The Laughing Boy - a new play at the Irish Cultural Centre

The Laughing Boy - a new play at the Irish Cultural Centre

Donagh Deeney, Michelle Lucy, Owen O'Gorman

A new play about Brendan Behan is being staged in London at the start of September, Thursday 1st and Friday 2nd

The Laughing Boy is an absorbing tale of theatrical and political history, as well as an imagined portrayal of Brendan Behan at the end of his life. It arrives at the Irish Cultural Centre in Hammersmith straight from its run at Dublin's renowned New Theatre.

This drama by Jack Harte is an absorbing tale of theatrical and political history as well as an imagined and moving portrayal of Brendan Behan at the end of his life.

To paint the scene a little more clearly, imagine — if you will — that it’s Dublin 1963. Then allow your mind to wander to Greece. Because, somehow, Brendan Behan’s song The Laughing Boy had become the inspirational anthem of the political left in Greece.

Alexandra, a student and political activist, travels to Dublin to seek out the legendary writer of the song, the great Brendan Behan. She wants to invite him to Greece so that he can help boost the struggle for socialism.

But what Alexandra finds is not quite what she was expecting.

This powerful and moving play, which features two characters playing Brendan Behan, draws on the playwright Jack Harte’s engagement with Greece.

In 1974 Harte was there to witness the fall of the Military Junta, and 40 years later he was back in Athens only to discover the huge impact of Behan’s song The Laughing Boy.

Brendan Behan

Cast and creatives

Jack Harte — playwright

Harte is a writer of novels, short stories and drama.

As a playwright, he made his debut in 2015 with Language of the Mute in the New Theatre. It toured the following year to many of the major theatres around Ireland.

Gerard Lee — director

Director of The Laughing Boy, Gerard Lee is also an actor, writer and script development mentor.

Donagh Deeney — actor

Donagh Deeney was born in Dublin and joined the Abbey Theatre in 1981. Donagh appeared in over 60 productions at The Abbey and Peacock including Da, Hamlet, The Plough and the Stars and Execution.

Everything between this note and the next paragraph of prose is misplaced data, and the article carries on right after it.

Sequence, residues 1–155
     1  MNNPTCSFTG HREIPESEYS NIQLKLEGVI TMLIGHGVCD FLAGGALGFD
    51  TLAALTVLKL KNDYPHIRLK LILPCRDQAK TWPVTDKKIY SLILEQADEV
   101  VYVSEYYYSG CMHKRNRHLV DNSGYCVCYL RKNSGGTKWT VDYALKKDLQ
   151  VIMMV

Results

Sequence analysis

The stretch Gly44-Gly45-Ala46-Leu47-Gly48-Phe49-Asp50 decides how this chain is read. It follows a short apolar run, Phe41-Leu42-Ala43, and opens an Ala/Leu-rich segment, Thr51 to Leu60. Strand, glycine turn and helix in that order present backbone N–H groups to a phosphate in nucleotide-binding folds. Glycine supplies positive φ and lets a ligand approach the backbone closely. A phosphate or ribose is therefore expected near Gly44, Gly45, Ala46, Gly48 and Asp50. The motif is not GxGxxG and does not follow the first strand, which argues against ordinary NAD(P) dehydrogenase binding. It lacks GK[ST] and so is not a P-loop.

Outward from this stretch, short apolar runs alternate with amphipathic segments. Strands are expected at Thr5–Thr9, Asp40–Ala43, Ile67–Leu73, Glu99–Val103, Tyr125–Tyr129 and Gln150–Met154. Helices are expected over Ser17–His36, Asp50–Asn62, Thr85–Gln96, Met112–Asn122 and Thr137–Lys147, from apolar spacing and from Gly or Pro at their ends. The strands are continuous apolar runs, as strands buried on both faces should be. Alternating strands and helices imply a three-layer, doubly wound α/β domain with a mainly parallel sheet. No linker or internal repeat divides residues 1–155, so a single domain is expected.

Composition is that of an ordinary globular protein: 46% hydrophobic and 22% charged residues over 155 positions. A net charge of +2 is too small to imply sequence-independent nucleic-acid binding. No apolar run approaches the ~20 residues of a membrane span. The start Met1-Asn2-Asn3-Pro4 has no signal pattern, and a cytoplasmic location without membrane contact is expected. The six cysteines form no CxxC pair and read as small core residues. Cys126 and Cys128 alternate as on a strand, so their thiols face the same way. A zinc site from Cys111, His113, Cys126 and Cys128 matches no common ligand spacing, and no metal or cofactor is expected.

Michelle Lucy — actor

Michelle Lucy is based in Dublin. She received a BA in Performing Arts in 2014, and since then has worked with some of Ireland’s leading directors including Gary Keegan of Broken Talkers, and Louise Lowe of Anu Productions.

Owen O’Gorman — actor

Owen wrote and directed the short film The Lions Share’ which has been shown in film festivals in Ireland and worldwide. Owen’s acting debut was in 1986 playing the lead role in Fear of the Dark for CH4/RTE directed by Tony Barry.


The Laughing Boy in Greece

By Damian Mac Con Uladh

TO Gelasto Paidi is one of composer Mikis Theodorakis' best-known pieces, a signature song that for almost 50 years has been an anthem of democracy in Greece and a protest song against the 1967-1974 military dictatorship.

The Laughing Boy enjoys ubiquitous, enduring popularity in Greece, although few Greeks would know that its origins lie in Ireland.

The song began as an Irish-language poem composed by a young Brendan Behan. As a 12-year-old in the mid-1930s, Behan wrote the poem in honour of Michael Collins.

He would later incorporate the poem into his 1958 play The Hostage, which depicts the events leading up to the execution of an 18-year-old IRA member in a Belfast jail, accused of killing a policeman.

First staged in London, The Hostage was later performed in Paris, where it came to the attention of Theodorakis. It inspired the composer to write a cycle of 16 songs which he called Enas Omiros (A Hostage), to Greek lyrics translated by Vasilis Rotas.

"In The Hostage, Brendan Behan deals with the Irish people's struggle for freedom. This new Irish mythology seemed to me to be very closely related to ours. The questions about God, about existence, about loneliness, love and hate retain their fundamental significance in the human struggle for life and liberty. That applies to Northern Ireland just as much as to Greece. When in 1961 I put The Hostage to music, I didn't want to compose typical Greek folk music; I wanted at least the musical form to correspond to the special atmosphere of the work," Theodorakis said.

The song was on its way to becoming a much-loved anthem in Greece


The Laughing Boy

Thursday, September 1 and Friday September 2, 8pm

Irish Cultural Centre Hammersmith, Blacks Road W6 9DT

020 85638232